Belfast councilors chose not to temporarily transfer the Maskers property to the recently created development corporation in order to use federal funding to conduct an environmental assessment.

The city approved transferring the Maskers property to the Belfast Development Corporation during a meeting Sept. 3. At that time, the city authorized the temporary transfer in order to secure a Brownfields Assessment Grant to help pay for addressing environmental concerns on the property, as well as to pursue additional  funding to clean up the property.

Before the city can demolish the Maskers building, it must conduct environmental site assessments.

However, Economic Development Director Thomas Kittredge told councilors the initial decision that the city could not use the Brownfields funds to assess its own property was reversed, and the city could in fact use Brownfields funding to assess the Maskers property.

Prior to voting on whether the council wished to rescind the transfer of property, Councilor Eric Sanders asked if Kittredge would recommend dissolving the Belfast Development Corporation. Kittredge said he did not recommend dissolving the group because he felt there was a role for the development corporation.

Councilors unanimously voted to rescind the transfer of the Maskers property to the Belfast Development Corporation.

In other business:

Councilors approved and awarded bids for a heavy duty truck in the amount of $93,583.29 and a bid for a dump body and plow gear in the amount of $63,995 for the Public Works Department.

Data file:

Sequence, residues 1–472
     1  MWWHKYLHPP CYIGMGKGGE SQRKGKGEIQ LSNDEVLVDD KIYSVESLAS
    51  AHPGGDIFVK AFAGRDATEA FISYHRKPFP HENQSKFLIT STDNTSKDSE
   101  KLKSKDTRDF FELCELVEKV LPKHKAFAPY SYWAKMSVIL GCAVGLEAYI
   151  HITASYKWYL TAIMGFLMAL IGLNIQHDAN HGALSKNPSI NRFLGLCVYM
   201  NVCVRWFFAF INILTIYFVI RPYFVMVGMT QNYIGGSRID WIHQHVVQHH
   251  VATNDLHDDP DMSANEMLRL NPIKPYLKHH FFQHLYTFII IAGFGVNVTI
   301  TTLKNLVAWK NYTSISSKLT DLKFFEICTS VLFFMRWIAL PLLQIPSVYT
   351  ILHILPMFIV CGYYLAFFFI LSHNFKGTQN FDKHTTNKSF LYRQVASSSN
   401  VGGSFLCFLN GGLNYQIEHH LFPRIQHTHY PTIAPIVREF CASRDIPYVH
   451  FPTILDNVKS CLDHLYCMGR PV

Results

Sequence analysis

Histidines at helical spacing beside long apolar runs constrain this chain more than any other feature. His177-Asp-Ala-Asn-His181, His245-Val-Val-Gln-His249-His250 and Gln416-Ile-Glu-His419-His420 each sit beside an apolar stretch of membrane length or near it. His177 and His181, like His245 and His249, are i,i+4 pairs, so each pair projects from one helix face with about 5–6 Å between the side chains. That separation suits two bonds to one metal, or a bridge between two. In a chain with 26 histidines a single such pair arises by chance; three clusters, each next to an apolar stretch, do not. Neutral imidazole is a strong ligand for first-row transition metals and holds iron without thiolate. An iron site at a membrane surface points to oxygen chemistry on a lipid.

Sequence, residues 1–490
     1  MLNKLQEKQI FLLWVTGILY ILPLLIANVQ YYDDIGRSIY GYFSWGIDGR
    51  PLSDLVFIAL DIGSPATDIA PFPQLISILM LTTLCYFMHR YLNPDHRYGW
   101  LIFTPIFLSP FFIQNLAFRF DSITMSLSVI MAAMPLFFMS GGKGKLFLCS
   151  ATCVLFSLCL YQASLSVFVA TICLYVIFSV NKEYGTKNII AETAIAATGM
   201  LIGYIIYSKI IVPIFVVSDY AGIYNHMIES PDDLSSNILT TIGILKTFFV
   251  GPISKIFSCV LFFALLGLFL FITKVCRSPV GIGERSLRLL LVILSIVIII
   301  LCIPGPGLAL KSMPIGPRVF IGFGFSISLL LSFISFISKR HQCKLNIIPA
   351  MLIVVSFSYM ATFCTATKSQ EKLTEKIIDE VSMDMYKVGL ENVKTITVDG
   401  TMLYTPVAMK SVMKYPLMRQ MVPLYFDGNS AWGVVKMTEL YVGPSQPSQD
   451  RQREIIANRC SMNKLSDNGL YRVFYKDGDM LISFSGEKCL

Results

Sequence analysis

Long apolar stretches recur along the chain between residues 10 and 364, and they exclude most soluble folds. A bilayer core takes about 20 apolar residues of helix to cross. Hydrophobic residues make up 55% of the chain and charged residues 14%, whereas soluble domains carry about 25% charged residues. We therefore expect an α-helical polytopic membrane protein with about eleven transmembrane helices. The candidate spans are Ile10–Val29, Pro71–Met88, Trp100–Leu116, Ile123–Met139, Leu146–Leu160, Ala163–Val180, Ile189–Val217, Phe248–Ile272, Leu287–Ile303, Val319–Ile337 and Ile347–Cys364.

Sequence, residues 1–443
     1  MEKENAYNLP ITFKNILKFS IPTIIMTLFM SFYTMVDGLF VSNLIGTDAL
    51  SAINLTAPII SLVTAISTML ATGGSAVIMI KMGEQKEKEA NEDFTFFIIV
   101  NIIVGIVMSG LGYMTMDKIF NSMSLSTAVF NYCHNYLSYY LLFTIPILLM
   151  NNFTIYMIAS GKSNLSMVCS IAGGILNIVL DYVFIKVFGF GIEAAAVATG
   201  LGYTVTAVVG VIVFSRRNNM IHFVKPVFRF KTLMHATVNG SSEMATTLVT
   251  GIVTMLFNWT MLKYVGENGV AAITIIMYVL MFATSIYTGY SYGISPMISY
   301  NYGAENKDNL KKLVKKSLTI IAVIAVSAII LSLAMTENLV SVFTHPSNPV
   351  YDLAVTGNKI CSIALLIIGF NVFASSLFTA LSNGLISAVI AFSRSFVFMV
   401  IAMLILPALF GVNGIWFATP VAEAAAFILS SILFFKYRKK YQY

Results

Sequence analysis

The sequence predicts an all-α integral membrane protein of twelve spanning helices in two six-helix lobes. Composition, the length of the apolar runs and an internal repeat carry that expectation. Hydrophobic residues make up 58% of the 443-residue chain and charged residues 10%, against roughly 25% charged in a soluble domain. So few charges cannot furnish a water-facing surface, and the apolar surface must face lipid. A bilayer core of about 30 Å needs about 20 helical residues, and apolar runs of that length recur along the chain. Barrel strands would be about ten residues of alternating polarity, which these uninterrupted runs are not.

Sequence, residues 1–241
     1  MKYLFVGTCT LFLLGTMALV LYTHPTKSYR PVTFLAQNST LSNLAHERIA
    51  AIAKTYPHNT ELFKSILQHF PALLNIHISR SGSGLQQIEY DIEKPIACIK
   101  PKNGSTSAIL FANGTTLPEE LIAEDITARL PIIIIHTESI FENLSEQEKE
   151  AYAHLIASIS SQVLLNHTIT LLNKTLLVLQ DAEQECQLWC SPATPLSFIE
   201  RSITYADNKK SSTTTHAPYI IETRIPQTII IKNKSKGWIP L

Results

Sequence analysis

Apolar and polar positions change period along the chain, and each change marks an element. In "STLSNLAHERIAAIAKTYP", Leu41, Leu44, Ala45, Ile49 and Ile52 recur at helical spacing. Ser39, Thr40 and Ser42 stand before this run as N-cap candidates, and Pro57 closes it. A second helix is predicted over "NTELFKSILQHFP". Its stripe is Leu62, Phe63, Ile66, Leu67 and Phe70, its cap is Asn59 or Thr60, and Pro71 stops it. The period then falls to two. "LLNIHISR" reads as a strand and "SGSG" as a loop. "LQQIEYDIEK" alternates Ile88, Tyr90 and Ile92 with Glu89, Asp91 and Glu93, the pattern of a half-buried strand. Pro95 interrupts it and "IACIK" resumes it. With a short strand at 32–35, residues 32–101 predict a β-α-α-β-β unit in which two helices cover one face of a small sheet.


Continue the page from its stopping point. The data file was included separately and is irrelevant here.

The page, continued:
A request to transfer up to $1,500 from the Harbor Fuel accounts to pay for a new roof over the fuel storage tank was approved.

City officials listened to an update from Administrative Assistant Manda Cushman who discussed the availability of low power FM radio stations. Cushman said she contacted an engineer who informed there were two channels available in the Belfast area.

The city could apply to acquire one of the channels to be used to broadcast council meetings or for other purposes. Councilors approved a request from City Manager Joseph Slocum to spend up to $500 to hire an engineer to help file an application with the Federal Communications Commission regarding the availability of a low power FM channel. Cushman noted, however, that she was unsure if the government shutdown would impact the application process.

Councilors modified a previous authorization to allow the fire chief to waive the bidding requirements and purchase a used fire rescue vehicle for $39,000. The amended authorization allows the fire chief to spend up to $42,000 to purchase the fire rescue vehicle and pay for gas and travel expenses associated with picking it up in Pennsylvania, as well as new signage for the vehicle.

In addition, councilors amended a prior authorization to allow the fire chief to spend up to $89,000 to purchase an ambulance. The final cost of the vehicle is $89,500 and additional funds are needed to pay for travel expenses associated with retrieving the vehicle. Councilors authorized the fire chief to spend up to $92,500 to purchase and pick up the ambulance.

Republican Journal reporter Ben Holbrook can be reached at 338-3333 or at